The DSN Telecommunications Link Design Handbook is a large document describing many aspects pertaining deep space communications and how they are implemented by the NASA Deep Space Network. One of the many things it contains is a description of a Reed-Solomon encoder for the CCSDS code using the Berlekamp bit-serial architecture. While following this description to implement an encoder, I have found an error. In this post, I explain the error and where I think it comes from.
In one of my previous posts about Voyager 1, I stated that the Voyager probes used as forward error correction only the k=7, r=1/2 CCSDS convolutional code, and that Reed-Solomon wasn’t used. However, some days ago, Brett Gottula asked about this, citing several sources that stated that the Voyager probes used Reed-Solomon coding after their encounter with Saturn.
My source for stating that Reed-Solomon wasn’t used was some private communication with DSN operators. Since the XML files describing the configuration of the DSN receivers for Voyager 1 didn’t mention Reed-Solomon either, I had no reason to question this. However, the DSN only processes the spacecraft data up to some point (which usually includes all FEC decoding), and then passes the spacecraft frames to the mission project team without really looking at their contents. Therefore, it might be the case that it’s the project team the one who handles the Reed-Solomon code for the Voyagers. This would make sense specially if the code was something custom, rather than the CCSDS code (recall that Voyager predates the CCSDS standards). If this were true, the DSN wouldn’t really care if there is Reed-Solomon or not, and they might have just forgotten about it.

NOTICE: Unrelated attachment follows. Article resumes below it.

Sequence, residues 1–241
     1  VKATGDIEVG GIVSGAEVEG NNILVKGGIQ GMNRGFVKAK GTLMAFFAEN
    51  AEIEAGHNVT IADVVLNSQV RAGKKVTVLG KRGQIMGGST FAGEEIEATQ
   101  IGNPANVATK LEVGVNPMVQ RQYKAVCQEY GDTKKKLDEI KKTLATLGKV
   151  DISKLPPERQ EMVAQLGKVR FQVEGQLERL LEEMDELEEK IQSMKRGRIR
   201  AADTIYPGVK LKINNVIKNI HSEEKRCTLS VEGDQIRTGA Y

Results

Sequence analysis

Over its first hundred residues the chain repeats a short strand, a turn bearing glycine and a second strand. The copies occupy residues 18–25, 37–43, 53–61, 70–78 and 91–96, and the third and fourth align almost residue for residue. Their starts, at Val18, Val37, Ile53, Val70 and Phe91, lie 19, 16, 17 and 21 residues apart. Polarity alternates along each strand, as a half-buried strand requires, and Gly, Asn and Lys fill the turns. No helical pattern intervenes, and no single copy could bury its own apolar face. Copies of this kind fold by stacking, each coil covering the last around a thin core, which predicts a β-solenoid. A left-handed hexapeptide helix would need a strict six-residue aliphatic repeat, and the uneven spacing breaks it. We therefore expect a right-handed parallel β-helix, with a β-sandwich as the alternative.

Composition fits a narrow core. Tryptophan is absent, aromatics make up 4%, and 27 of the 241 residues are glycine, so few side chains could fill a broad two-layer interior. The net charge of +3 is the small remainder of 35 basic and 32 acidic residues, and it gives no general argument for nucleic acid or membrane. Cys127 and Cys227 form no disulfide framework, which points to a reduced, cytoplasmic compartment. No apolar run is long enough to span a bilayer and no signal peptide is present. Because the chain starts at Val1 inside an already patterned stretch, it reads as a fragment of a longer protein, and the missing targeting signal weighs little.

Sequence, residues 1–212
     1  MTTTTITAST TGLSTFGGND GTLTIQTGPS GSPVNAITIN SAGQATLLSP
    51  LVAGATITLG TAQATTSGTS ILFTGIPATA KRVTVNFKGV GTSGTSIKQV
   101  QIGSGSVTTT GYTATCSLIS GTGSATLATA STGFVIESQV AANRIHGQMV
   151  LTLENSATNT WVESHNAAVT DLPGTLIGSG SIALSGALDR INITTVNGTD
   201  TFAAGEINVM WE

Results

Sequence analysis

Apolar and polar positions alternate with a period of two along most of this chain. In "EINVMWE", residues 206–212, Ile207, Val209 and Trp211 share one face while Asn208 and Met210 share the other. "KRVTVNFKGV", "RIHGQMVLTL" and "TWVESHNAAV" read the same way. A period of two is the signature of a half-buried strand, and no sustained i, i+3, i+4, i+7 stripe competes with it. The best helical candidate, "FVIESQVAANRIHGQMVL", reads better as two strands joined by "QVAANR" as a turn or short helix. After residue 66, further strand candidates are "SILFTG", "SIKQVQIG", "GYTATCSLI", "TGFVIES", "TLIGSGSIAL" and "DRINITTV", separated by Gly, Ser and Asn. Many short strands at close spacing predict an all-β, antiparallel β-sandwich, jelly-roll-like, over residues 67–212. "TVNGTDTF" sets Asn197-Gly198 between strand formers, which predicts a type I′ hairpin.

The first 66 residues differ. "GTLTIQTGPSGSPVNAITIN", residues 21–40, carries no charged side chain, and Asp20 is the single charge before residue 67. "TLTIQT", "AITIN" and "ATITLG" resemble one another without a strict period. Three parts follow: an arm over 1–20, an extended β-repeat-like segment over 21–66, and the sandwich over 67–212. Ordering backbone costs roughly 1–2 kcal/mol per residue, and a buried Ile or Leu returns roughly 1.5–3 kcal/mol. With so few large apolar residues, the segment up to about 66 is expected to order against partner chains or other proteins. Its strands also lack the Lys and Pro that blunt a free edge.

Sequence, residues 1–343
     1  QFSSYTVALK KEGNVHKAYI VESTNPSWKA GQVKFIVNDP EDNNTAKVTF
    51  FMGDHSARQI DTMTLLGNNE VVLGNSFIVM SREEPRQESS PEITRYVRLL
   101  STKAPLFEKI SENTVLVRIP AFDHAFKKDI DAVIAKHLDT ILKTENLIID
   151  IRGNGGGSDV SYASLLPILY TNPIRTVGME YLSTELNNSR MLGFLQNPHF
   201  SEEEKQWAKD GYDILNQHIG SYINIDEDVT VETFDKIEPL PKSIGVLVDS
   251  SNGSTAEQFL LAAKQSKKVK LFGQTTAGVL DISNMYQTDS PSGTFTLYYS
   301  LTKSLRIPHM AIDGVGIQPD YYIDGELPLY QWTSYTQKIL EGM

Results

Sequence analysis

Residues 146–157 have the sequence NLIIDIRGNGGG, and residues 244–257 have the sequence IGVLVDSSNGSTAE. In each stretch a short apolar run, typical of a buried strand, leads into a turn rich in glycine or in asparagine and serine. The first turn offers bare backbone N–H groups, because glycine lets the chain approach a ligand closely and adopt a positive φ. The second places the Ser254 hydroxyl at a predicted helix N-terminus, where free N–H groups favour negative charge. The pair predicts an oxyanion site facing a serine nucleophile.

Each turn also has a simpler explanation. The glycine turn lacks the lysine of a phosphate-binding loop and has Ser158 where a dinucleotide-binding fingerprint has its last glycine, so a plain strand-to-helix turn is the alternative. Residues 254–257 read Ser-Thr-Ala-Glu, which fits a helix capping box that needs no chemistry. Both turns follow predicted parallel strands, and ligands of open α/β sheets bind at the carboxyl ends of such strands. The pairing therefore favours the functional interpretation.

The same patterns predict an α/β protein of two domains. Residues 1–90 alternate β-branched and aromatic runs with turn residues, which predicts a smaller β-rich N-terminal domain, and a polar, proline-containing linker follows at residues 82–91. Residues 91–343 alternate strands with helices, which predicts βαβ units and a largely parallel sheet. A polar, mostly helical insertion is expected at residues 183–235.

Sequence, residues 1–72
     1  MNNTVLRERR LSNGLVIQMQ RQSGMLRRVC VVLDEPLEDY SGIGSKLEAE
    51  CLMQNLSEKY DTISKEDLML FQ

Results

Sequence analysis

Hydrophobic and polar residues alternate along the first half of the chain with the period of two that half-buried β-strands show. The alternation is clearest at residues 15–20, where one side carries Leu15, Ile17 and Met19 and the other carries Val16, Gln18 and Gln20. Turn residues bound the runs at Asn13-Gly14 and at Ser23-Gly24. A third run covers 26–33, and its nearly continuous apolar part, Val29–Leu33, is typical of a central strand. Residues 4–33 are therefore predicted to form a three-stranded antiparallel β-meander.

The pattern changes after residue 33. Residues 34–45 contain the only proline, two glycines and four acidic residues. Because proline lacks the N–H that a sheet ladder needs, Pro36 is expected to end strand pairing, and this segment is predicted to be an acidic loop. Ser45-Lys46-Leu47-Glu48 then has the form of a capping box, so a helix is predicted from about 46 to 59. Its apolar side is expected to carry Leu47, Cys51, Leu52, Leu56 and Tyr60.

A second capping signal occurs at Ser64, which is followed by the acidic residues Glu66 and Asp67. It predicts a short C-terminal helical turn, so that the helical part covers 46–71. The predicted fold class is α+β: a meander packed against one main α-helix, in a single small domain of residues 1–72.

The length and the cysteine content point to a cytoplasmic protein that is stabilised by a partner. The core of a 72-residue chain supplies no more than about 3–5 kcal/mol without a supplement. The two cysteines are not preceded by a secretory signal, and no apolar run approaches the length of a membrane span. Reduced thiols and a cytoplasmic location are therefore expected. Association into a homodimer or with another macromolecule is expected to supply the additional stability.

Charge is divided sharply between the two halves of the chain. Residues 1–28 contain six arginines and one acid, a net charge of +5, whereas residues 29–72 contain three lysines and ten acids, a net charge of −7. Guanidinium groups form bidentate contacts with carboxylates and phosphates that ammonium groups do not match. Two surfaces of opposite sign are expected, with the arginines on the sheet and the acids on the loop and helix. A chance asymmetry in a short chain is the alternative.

After looking at the frames I had decoded from Voyager 1 in more detail, I remarked that Brett might be right. Doing some more analysis, I have managed to check that in fact the Voyager 1 frames used Reed-Solomon as described in the references that Brett mentioned. In this post I give a detailed look at the Reed-Solomon code used by the Voyager probes, compare it with the CCSDS code, and show how to perform Reed-Solomon decoding in the frames I decoded in the last post. The middle section of this post is rather math heavy, so readers might want to skip it and go directly to the section where Reed-Solomon codewords in the Voyager 1 frames are decoded.
A couple months ago I presented my work-in-progress design for a data modem intended to be used through the QO-100 NB transponder. The main design goal for this modem is to give the maximum data rate possible in a 2.7 kHz channel at 50 dB·Hz CN0. For the physical layer I settled on an RRC-filtered single-carrier modulation with 32APSK data symbols and an interleaved BPSK pilot sequence for synchronization. Simulation and over-the-air tests of this modulation showed good performance. The next step was designing an appropriate FEC.
Owing to the properties of the synchronization sequence, a natural size for the FEC codewords of this modem is 7595 bits (transmitted in 1519 data symbols). The modem uses a baudrate of 2570 baud, so at 50 dB·Hz CN0 the Es/N0 is 15.90 dB. In my previous post I considered using an LDPC code with a rate of 8/9 or 9/10 for FEC, taking as a reference the target Es/N0 performance of the DVB-S2 MODCODs. After some performing some simulations, it turns out that 9/10 is a bit too high with 7595 bit codewords (the DVB-S2 normal FECFRAMEs are 64800 bits long, giving a lower LDPC decoding threshold). Therefore, I’ve settled on trying to design a good rate 8/9 FEC. At this rate, the Eb/N0 is 9.42 dB.